Lauren Ritchie | 2021 MAKERS Conference Finale
Lauren Ritchie, a young climate justice advocate, talks about the dichotomy between her experiences with the ravages of climate change growing up in the Bahamas and her life today as a student at Columbia University in New York City. She will reflect on what has shaped her perspective on the climate justice movement and the need for intersectionality within it.
LAUREN RITCHIE: Hi, MAKERS community. Thank you so much for having me here today. When I was 15, I witnessed my home, Grand Bahama Island, ravaged by Hurricane Matthew. Three years later, before we had the opportunity to fully assess the prior damage and begin to rebuild, Hurricane Dorian tore our community apart yet again.
I quickly came to realize that while most privileged people around the world contemplate the existential threat posed by the ongoing climate emergency as a distant warning that can easily be ignored or perhaps simply as a rumor of impending doom, for those of us living in my community in the Bahamas, the climate emergency is already here.
Upon moving to New York City in 2018, I experienced this dissonance firsthand. After spending my formative years watching my beloved island crumble around me, I came to find that the faces at the forefront of the climate crisis looked nothing like those suffering back home. Instead, I found that the poster children for the environmental movement consisted of esteemed scientists, academics, and middle-aged white women on Instagram wandering through farmers' markets with the grins plastered across their faces and stylish tote bags draped over their shoulders.
In my Columbia University courses, I stared Hurricane Dorian in the face once again. Only this time, I no longer had the shared experiences of my community to support me. As my professor fielded eager hands around the classroom each offering solutions to the environmental issues that the Bahamas faces, the detached, jargon-riddled comments of my American classmates rang in my ears, leaving me feeling exposed and alienated.
In their voyeuristic frenzy, they blurted statistics, climate adaptation policies and economic plans, but not one of them paused to consider the trauma endured by those who fell victim to Dorian's wrath. In their learned sensitivity, they failed to consider the complex nature of the crisis beyond their research case study.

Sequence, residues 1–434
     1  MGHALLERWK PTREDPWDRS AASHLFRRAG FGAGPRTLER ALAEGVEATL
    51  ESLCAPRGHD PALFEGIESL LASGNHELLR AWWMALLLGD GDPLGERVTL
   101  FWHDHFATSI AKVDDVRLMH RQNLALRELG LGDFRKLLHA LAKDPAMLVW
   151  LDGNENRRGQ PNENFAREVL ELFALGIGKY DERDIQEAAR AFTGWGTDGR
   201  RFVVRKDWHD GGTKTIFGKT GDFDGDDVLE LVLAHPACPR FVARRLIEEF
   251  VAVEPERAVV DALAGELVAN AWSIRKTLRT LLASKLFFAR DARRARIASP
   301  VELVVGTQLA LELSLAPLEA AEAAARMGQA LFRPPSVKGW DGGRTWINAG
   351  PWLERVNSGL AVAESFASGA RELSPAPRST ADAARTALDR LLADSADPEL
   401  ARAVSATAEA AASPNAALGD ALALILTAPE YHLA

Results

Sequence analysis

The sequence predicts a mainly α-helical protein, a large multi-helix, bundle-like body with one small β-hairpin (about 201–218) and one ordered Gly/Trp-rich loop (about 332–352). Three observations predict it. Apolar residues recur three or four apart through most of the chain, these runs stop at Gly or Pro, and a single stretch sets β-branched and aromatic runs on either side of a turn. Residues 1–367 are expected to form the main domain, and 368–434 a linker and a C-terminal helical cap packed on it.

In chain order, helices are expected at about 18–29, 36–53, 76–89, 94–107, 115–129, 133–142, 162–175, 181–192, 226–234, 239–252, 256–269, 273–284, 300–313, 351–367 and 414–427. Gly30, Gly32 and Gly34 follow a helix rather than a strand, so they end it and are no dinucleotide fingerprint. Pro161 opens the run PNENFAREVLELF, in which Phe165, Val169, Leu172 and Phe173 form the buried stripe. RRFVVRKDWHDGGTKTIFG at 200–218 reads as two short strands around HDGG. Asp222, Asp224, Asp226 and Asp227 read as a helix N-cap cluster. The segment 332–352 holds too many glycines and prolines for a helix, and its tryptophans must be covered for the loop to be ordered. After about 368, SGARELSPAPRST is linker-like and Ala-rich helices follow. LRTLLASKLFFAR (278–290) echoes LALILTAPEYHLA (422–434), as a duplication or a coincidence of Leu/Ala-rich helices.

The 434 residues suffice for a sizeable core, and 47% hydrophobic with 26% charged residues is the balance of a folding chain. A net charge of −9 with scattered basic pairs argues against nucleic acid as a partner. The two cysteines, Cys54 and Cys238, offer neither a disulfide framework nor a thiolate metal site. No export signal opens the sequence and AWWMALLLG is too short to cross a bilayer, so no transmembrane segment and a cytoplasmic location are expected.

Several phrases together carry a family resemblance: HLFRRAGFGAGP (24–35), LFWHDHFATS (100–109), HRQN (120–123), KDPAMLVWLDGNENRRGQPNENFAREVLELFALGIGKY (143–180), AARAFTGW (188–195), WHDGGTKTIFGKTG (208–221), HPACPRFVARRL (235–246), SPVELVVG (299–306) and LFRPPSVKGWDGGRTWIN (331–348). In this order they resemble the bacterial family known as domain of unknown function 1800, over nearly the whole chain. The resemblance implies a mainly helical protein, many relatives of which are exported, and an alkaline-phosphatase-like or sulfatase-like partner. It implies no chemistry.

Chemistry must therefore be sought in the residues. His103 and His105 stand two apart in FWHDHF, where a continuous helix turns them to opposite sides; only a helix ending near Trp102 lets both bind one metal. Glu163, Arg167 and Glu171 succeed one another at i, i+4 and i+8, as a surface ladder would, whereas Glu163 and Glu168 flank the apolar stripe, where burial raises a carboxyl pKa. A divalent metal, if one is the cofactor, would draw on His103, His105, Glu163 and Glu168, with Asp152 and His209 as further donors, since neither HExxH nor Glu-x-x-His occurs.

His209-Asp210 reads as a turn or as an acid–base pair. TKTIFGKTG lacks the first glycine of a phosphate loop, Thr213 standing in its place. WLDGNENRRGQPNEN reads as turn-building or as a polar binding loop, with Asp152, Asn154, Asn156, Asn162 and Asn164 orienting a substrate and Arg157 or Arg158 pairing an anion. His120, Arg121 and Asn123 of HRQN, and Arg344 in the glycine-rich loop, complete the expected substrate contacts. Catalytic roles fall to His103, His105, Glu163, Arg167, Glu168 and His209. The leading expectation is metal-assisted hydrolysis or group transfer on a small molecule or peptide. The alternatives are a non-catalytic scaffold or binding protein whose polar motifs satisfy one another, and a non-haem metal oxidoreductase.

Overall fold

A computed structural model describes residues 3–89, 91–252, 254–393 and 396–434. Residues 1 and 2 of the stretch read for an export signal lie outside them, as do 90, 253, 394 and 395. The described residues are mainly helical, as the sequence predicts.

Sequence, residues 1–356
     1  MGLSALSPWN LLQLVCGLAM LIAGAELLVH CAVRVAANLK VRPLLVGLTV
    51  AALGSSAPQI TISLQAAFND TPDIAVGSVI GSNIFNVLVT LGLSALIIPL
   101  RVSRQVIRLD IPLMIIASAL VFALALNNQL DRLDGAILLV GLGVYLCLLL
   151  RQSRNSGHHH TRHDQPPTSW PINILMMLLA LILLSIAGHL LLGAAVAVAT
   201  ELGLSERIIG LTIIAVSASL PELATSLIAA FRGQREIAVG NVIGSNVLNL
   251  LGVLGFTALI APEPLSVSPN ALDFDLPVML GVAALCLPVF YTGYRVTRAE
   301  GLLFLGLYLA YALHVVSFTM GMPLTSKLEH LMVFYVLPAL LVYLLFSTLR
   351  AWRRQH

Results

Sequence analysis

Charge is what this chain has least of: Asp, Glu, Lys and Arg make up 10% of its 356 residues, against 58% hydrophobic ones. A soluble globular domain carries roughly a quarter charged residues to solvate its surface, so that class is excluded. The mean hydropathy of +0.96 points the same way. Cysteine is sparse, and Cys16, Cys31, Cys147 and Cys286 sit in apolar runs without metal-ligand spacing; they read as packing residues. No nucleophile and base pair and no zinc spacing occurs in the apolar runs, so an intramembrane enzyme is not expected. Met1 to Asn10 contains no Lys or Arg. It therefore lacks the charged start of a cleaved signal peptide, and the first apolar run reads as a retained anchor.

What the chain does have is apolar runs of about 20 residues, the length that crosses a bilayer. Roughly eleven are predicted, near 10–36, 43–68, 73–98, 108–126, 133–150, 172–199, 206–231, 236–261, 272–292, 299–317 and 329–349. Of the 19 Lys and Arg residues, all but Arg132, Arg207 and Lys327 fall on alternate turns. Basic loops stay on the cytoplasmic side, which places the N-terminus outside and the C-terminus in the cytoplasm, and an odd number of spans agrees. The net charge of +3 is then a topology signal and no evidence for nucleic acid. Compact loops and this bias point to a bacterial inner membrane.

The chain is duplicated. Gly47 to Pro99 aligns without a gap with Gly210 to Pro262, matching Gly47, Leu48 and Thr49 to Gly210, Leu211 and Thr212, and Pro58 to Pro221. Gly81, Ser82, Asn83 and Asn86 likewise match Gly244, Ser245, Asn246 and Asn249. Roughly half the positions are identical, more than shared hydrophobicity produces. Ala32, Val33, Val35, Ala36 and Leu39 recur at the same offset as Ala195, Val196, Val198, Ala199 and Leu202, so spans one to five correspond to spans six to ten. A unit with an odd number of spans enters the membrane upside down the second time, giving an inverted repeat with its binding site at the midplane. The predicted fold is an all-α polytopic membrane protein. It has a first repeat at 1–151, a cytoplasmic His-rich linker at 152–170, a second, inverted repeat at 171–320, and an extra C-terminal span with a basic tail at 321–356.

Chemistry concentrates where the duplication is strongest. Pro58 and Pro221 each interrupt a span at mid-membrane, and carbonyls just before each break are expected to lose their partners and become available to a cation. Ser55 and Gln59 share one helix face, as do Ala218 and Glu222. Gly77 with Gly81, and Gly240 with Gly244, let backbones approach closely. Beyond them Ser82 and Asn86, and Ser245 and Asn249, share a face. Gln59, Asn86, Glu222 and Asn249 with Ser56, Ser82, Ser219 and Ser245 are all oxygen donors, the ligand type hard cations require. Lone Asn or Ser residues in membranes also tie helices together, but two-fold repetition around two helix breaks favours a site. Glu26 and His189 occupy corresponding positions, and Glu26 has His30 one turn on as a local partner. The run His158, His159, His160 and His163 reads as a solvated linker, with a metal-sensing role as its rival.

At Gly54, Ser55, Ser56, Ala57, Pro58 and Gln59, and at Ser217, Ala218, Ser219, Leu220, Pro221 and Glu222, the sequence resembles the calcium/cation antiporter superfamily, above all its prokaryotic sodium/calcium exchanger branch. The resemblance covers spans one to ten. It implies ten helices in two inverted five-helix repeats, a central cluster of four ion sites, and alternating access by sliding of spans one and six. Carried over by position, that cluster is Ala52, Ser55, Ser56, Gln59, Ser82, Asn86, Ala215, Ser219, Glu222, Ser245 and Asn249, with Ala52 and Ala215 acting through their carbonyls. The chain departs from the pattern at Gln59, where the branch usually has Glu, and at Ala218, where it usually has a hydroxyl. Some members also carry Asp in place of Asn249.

It's OK, I reasoned. They just don't get it. They've never supported their best friend and her family through homelessness when their house was flooded beyond repair. They've never been a toddler alone on the highest floor of a swing apartment building praying that the infrastructure can withstand the storm. They just don't know any better. But at what point was it my responsibility as the only Bahamian in the room to teach them?
As a young woman from the Caribbean now existing within the ivory tower of higher education, I often feel like a bridge connecting my past and present in the hopes of creating a better future. I experience a strong sense of duty to ensure that the experiences of my community are integrated into the institutions with the most power to enact change and that intersectionality, inclusivity, and nuance are prioritized in climate action for years to come.
As someone who has observed society evolve so rapidly and remarkably during my lifetime, I'm emboldened to spearhead any changes that I want to see. I founded The Eco Justice Project in 2020 to fill the gap that I noticed in youth climate education and to spread awareness about climate change in a manner that was engaging, modern, and above all else accessible.
That same year, I also created Columbia Climate Conversations, a panel series at my university to engage the undergrad community with the perspectives of women climate scientists and environmental activists of color and the podcast "Black Girl Blueprint," one of the first long-form platforms of its kind, to share the experiences and highlight the accomplishments of Gen Z Black girls. This is how I choose to make my mark, to be a part of leading the next wave of climate advocacy which places women of color at the forefront of a movement which has historically and still continues to tell us that our experiences and our stories do not matter.
And don't get me wrong. It's not easy work for any of us, especially as a Black woman in predominantly white environments, a full-time college student with graduate school aspirations. And of course, we cannot forget the global pandemic moving over us all. The question that remains then is, how do we stay motivated? How do we keep striving to make a better world despite all the obstacles placed in our path? In short, how do we keep going?
As aspiring changemakers, resistance is our area of expertise. However, we often don't think about listening to our bodies and our minds as forms of resistance in and of itself. We get wrapped up in the habit of commodifying ourselves in order to be the most productive possible as we aim higher, dream bigger, and push ourselves harder because we're desperate to believe that our efforts are making a difference.
We're terrified of what the state of the world would become if we pause to catch our breath, so we forget the communities which brought us to this work in the first place, and that protecting the planet begins first and foremost with protecting ourselves.
In other words, be kind to yourself. And note that even in this world that feels so fast paced and demanding most of the time, any incremental impacts you can make to advance your cause, whatever that cause may be are still worthy of celebration. Empowerment amongst women is one of the strongest forces imaginable, an energy created amongst like-minded women with a common belief, objective, and understanding which reaches beyond what we think we are. And it shows us how much more we can become.